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Transcript of the video: When we talk about reframing family and community engagement, we actually are talking about a new, more comprehensive definition.  We’re not talking anymore about parent involvement, which really, in some cases, signifies a very individual act.  We’re actually talking about something much more robust and that involves relationships because we all know that that’s key to this engagement work. So, family engagement is a shared responsibility.  We’re talking about a dynamic relationship among the stakeholders.  Schools, community agencies, and organizations -– they’re committed to engaging families.  And that commitment is really what’s needed. We often talk about how do we incentivize families to be engaged in their children’s education.  It’s that relationship and commitment from partners that really is at the center of those families wanting to be engaged.  So that happens, and then families are committed to actively supporting their children’s learning and development.  So we’re talking about a reciprocal relationship here -– a collaboration. We also see family engagement as a cradle to career dynamic.  And we’ve heard that language a lot.  I was here yesterday for the Promise Neighborhoods Forum.  And we see this embedded in a lot of the Department’s language. We know that family and community engagement has to take place right when that baby is born, right through their career.  Geoffrey Canada yesterday talked about how many of us who have had nieces, nephews, or sons or daughters, that the job isn’t over when they walk onto that college campus their freshman year, that we’re really talking about supporting them right through to the acquisition of that career. And then, finally, we see this across all contexts.  So it’s not just in the school, not just at home but anywhere that children learn. -- Karen L. Mapp, Lecturer on Education, Harvard Graduate School of Education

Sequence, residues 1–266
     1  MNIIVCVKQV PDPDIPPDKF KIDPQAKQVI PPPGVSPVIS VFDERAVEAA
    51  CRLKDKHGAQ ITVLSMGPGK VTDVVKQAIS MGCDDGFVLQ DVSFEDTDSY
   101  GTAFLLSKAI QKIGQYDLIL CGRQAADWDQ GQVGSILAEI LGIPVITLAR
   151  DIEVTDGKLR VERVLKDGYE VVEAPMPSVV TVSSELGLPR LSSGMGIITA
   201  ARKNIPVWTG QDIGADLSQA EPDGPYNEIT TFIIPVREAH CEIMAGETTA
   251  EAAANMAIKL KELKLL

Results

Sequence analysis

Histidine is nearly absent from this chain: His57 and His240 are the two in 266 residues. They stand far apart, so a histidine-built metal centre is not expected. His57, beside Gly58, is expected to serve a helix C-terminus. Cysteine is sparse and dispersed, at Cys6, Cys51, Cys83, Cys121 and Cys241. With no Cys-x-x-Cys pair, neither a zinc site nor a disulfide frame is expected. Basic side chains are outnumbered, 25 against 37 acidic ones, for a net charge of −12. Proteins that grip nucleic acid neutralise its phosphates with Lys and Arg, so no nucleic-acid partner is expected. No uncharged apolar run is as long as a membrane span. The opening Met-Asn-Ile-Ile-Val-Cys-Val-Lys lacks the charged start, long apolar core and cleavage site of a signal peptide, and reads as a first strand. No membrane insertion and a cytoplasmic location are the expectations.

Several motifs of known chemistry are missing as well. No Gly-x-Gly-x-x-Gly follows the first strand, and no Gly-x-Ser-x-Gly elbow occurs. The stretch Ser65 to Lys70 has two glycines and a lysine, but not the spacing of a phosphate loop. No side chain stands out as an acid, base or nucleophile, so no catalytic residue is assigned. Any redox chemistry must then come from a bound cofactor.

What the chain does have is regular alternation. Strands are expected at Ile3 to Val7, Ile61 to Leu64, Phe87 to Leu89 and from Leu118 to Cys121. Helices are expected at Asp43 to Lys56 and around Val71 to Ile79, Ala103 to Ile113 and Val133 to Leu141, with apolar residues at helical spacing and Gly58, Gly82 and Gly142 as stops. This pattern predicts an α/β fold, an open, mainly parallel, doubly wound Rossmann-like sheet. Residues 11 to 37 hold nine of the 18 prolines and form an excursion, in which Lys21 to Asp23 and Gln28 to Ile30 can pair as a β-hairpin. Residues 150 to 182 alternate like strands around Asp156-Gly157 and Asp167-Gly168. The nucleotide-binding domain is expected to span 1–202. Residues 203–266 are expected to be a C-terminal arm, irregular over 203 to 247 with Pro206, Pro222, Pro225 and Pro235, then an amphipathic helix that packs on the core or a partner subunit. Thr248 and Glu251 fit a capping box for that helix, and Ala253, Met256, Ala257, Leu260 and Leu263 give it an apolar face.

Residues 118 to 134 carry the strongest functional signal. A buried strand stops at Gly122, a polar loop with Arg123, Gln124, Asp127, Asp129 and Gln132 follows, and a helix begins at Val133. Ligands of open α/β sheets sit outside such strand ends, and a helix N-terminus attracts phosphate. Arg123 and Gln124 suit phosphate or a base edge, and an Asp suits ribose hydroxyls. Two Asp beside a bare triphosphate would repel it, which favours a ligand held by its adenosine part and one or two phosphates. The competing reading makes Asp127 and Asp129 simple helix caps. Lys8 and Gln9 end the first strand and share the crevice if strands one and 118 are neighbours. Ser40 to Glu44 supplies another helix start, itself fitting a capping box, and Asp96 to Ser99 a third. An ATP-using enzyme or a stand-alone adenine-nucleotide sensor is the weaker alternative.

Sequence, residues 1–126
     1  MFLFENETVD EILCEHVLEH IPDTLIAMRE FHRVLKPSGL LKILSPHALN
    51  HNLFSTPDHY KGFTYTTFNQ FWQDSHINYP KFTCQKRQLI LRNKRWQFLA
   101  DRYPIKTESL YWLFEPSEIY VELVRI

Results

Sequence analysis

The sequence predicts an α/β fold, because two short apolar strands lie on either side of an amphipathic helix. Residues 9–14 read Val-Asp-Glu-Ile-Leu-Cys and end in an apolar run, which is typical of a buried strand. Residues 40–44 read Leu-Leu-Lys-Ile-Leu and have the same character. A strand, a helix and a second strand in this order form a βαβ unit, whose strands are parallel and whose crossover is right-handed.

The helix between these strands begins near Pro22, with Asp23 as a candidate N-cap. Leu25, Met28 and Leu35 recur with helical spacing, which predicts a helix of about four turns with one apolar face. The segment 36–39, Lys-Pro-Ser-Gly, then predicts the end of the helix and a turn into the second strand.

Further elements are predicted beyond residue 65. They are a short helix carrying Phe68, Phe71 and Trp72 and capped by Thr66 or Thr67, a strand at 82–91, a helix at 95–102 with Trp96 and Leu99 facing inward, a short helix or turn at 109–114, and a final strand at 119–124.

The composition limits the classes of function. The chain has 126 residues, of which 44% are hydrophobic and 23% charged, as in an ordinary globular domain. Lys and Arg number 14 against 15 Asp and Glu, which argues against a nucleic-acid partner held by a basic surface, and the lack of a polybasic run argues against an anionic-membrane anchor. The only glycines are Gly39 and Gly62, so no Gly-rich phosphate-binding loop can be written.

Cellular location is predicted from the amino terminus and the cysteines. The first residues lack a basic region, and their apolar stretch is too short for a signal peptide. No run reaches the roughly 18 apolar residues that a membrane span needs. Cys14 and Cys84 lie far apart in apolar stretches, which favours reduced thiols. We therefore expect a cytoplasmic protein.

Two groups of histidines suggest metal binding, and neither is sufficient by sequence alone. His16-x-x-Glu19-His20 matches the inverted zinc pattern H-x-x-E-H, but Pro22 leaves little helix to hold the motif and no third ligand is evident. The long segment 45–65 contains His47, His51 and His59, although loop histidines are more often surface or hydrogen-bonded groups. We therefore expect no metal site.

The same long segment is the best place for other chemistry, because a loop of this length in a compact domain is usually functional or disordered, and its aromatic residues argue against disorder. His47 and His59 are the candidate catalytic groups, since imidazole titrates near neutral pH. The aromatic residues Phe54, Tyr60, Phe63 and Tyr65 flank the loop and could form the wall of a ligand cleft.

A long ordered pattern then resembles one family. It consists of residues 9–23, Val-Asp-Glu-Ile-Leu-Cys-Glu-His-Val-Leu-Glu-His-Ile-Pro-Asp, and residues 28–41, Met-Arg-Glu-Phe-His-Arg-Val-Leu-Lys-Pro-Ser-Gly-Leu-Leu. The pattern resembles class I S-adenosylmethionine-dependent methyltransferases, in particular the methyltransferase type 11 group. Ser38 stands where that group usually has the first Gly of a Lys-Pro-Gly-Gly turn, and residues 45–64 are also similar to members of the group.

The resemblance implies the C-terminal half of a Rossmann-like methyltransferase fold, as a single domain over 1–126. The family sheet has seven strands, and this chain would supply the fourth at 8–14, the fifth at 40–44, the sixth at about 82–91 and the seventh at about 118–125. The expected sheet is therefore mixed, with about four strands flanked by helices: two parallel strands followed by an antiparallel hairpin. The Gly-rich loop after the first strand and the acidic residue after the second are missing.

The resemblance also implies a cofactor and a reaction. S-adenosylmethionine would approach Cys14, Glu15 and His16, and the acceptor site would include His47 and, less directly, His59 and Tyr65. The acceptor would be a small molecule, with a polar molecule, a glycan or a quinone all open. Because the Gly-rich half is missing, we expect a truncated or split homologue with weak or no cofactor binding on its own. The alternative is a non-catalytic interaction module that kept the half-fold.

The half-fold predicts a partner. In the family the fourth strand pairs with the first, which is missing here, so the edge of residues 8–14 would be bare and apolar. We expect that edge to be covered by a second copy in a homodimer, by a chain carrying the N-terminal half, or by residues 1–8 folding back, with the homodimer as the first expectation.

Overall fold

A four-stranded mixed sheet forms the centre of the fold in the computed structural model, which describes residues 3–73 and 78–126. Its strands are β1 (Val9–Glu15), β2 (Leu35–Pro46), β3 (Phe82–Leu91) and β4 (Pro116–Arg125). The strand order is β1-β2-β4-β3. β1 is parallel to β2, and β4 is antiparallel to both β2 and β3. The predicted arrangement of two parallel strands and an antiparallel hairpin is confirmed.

Everyone present—from the panelists to the participants to special guest speakers from USDE—agreed that FSCE is a key component of successful education reform that needs to be implemented in a more systemic, integrated, and sustainable way. The forum emphasized the fact that the essential elements of successful school reform—which include a focus on teaching and learning, a rigorous curriculum, teacher and principal effectiveness, a positive school climate and FSCE—operate as parts of an interconnected system.
Watch the video that accompanies the above text.

A number of major themes emerged for how this broader vision of family and community engagement can be accomplished, including policy levers for change and the use of data to create meaningful partnerships between schools, families and communities. This video summary highlights those themes, and is organized by the issues raised during each of the expert panel discussions.

1 Prior to the forum, Harvard Family Research Project developed a paper, Beyond Random Acts: Family, School, and Community Engagement as an Integral Part of Education Reform, which helped lay the foundation for the forum’s conversations about the role of FSCE in education reform by offering a framework based upon four decades of research and emerging innovations in the family engagement field. We invite you to read Beyond Random Acts alongside these video highlights to learn more about how the changing policy landscape is making room for more systemic, integrated, and sustainable FSCE.

Highlights: About the Forum | Panel 1 | Panel 2 | Panel 3 | Panel 4 | Closing Session
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This policy forum is funded in part by the U.S. Department of Education's Parental Information and Resource Center program. The content of this policy forum does not necessarily reflect the views of the U.S. Department of Education.